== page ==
The more moons, the merrier! Scientists recently announced they have discovered 12 new moons around Jupiter, bringing its total to 79. That's the most of any planet in our solar system!
We have known that Jupiter has moons since 1610, when Galileo discovered the four Galilean moons. So, why did it take us so long to find these newest twelve? They are tiny. The smallest moon, Valetudo, is only 0.6 miles in diameter! They likely were captured from nearby asteroids instead of forming around the same time as Jupiter itself.
All of the newly discovered moons, except for Valetudo, have retrograde orbits, meaning they orbit in a direction opposite Jupiter’s rotation. Valetudo – the odd one out in the group – has a prograde orbit, meaning it orbits in the same direction as Jupiter’s rotation, but opposite the nearby moons. Imagine you were on a busy highway, driving against traffic. That is essentially what Valetudo is doing!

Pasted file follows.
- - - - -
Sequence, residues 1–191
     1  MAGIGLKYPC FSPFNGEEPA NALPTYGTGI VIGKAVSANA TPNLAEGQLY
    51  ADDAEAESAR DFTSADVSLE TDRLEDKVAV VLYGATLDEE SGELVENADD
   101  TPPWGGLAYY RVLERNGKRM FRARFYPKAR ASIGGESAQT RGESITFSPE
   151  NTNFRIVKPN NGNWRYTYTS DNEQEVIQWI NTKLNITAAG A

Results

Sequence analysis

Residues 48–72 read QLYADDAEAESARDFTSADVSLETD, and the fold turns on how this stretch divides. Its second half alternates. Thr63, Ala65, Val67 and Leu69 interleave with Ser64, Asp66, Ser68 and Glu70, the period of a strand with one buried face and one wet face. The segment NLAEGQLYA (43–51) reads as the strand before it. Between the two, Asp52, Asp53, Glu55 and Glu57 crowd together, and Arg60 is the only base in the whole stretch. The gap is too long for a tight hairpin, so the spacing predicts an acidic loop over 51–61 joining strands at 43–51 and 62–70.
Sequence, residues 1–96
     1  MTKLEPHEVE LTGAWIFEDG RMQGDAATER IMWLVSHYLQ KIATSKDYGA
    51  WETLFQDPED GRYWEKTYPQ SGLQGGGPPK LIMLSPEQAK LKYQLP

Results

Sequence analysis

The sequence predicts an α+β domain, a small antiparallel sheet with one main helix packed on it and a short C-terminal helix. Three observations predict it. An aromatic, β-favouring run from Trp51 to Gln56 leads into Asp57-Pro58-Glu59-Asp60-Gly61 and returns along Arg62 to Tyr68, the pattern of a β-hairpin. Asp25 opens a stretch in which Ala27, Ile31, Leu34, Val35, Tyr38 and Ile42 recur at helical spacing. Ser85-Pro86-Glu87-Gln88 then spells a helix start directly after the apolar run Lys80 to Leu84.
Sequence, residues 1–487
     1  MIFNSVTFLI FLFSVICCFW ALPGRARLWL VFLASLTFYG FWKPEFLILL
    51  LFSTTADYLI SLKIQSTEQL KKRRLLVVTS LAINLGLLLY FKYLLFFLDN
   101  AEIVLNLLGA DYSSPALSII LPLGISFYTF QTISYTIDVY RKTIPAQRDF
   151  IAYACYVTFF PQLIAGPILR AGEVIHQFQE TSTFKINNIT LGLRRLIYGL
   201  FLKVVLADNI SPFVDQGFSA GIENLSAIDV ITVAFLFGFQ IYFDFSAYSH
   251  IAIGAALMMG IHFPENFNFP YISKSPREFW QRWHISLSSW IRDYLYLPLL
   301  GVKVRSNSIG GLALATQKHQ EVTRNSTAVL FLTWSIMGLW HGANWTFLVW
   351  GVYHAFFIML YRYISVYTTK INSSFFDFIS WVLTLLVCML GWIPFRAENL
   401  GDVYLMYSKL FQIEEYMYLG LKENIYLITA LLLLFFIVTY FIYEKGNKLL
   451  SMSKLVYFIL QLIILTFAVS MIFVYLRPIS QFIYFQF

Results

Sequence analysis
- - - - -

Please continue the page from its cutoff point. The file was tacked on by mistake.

Even though we have been studying Jupiter and its moons for over 400 years, there is always more to discover! Jupiter is the largest planet in our solar system, so we can't wait to find out what else the giant planet is hiding.
Interested in learning more breaking space news? LSC Space News Now appears at the end of each Wonders of the Night Sky show. Click here to see our full list of shows in the Jennifer Chalsty Planetarium, the largest and most technologically advanced planetarium in the Western Hemisphere.